The tension laid out in this movie is a tension that Christians have felt throughout history—on the one hand, we have this impulse to protect our faith and our communities from outside threats. We know that we are called to be distinctive—to live with values and priorities that are based in Jesus’ teachings and example, not what is considered “normal” by the culture around us.
As Jesus says in this prayer from John 17, “the world has hated them because they do not belong to the world, just as I do not belong to the world.” And just one sentence later, he repeats, “They do not belong to the world, just as I do not belong to the world.” Sometimes it feels like it is necessary to protect ourselves and our children from those outside influences or temptations that might lure us away from who we believe we are called to be. Our identity and allegiance are found with Jesus, not with social, political or economic forces. We are Jesus-followers before we are consumers. We are children of God before we are Americans. We are imitators of Christ before we are imitators of fashion icons or trendsetters.
So, we have desert Fathers and Mothers in the first few centuries after Jesus’ life. We see monastic communities form throughout the middle ages. We see Puritans and Moravians flee from persecution and seek religious freedom in America. We see Mennonite and Amish communities preserving old lifestyles, and we even see an upsurge in home-schooling among Christians in the last half-century.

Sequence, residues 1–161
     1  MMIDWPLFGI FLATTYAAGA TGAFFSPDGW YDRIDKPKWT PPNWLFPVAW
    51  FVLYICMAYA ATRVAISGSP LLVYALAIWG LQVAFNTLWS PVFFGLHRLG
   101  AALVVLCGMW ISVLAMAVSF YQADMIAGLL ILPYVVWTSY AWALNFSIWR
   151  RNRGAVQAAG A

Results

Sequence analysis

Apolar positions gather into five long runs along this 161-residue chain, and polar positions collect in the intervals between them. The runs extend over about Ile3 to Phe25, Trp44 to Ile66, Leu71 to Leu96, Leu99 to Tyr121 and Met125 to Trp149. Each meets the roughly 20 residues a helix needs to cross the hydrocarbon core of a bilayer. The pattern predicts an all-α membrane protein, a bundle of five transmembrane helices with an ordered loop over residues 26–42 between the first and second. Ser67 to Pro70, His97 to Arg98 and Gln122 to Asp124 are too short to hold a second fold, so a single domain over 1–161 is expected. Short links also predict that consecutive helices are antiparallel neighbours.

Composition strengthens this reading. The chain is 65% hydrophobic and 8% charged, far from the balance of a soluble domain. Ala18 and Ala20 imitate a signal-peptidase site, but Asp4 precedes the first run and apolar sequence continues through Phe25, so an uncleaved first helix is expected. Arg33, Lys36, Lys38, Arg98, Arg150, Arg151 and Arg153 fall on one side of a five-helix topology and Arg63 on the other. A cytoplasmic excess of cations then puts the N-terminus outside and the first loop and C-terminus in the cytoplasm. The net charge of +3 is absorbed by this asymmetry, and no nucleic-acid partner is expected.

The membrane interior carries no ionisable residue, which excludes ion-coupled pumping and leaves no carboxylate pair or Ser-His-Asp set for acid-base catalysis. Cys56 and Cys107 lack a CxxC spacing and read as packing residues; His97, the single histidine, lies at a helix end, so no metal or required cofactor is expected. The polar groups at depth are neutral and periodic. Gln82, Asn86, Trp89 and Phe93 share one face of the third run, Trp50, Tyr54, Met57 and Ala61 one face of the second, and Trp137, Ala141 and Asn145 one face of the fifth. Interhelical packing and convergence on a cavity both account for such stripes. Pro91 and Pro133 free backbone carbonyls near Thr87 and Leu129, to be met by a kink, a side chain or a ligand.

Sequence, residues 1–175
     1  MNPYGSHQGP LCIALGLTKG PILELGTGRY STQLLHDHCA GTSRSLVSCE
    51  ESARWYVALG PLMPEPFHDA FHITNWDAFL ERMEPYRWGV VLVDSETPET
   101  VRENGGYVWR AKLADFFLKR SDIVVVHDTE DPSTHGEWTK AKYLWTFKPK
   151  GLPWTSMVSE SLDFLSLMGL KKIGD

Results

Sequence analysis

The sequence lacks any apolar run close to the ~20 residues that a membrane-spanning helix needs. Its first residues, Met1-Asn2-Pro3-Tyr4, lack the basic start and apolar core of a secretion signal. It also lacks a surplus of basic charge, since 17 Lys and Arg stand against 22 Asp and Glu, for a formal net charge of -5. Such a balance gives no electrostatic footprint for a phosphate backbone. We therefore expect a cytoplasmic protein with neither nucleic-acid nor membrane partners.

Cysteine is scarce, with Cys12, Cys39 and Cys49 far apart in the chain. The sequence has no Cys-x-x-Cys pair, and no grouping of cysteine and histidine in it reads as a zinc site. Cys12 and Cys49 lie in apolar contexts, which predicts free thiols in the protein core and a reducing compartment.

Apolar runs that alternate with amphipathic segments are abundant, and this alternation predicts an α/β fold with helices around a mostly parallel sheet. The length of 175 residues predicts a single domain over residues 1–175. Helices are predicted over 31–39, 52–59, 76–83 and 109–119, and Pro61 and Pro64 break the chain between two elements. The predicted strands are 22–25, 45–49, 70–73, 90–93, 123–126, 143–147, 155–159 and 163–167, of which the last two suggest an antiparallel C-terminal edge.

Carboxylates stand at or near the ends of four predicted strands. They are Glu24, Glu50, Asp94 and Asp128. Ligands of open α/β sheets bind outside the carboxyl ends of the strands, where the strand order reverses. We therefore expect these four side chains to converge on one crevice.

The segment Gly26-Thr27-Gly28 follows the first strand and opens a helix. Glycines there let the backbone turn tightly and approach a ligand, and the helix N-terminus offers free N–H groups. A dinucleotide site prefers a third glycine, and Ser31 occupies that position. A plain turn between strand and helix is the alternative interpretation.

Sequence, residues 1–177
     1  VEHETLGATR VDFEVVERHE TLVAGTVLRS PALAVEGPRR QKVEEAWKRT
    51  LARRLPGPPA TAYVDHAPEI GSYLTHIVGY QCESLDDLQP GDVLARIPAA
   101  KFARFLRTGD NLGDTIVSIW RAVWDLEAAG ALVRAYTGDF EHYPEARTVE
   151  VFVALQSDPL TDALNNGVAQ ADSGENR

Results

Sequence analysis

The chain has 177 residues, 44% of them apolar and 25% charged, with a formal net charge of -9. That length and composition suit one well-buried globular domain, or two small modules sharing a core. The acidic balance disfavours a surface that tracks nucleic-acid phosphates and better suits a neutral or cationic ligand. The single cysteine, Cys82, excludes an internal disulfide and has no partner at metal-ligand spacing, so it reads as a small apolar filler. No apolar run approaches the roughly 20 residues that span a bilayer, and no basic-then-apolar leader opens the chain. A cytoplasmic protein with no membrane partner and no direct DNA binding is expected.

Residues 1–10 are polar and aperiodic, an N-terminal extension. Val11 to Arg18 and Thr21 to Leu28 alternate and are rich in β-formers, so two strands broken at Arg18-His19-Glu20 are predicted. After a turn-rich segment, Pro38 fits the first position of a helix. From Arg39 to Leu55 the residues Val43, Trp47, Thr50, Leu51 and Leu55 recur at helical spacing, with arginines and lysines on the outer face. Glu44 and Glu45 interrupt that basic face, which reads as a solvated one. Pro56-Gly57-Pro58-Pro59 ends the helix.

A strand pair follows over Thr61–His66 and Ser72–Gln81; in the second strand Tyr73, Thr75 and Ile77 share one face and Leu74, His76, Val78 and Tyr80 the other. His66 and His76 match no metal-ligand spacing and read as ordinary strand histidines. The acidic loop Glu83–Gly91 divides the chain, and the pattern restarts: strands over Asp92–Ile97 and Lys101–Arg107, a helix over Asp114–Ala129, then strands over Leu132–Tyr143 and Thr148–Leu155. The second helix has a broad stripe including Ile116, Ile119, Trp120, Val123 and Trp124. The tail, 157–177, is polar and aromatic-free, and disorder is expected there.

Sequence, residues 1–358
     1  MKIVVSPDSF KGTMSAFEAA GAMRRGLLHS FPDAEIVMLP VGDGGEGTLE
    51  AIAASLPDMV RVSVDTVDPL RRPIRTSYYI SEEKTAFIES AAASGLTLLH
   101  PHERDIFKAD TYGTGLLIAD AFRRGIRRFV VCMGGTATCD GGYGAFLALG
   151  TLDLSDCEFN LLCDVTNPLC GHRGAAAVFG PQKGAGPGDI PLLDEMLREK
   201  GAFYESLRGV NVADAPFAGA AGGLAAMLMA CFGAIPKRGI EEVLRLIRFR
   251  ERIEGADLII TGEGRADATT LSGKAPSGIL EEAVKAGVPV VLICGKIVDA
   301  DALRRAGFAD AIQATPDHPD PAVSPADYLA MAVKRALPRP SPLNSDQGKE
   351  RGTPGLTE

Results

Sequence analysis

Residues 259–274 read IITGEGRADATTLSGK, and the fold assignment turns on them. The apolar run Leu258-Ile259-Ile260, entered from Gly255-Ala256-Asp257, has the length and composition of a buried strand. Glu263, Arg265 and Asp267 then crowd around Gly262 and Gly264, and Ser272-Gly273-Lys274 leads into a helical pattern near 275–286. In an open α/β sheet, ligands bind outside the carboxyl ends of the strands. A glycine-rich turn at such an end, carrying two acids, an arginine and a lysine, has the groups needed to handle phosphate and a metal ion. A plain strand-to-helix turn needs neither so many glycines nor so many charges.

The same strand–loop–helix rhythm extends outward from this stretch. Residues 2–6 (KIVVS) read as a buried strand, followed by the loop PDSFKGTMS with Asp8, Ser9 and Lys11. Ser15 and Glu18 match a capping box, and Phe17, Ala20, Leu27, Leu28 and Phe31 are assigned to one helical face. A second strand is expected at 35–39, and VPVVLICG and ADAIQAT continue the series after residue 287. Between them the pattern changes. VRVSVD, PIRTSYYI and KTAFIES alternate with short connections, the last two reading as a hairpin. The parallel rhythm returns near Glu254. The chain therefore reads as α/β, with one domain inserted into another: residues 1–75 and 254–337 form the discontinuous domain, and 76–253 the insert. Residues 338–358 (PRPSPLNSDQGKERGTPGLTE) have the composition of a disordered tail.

But that call to distinctiveness is only half of the equation, and this is where the tension comes in. We might be called to be distinctive from the world around us—to be in the world, but not of it, but we are called to be in the world—in fact, we are sent into the world. Right after saying that he and his followers do not belong to the world, Jesus says, “I am not asking you to take them out of the world,” and then, “As you have sent me into the world, so I have sent them into the world.”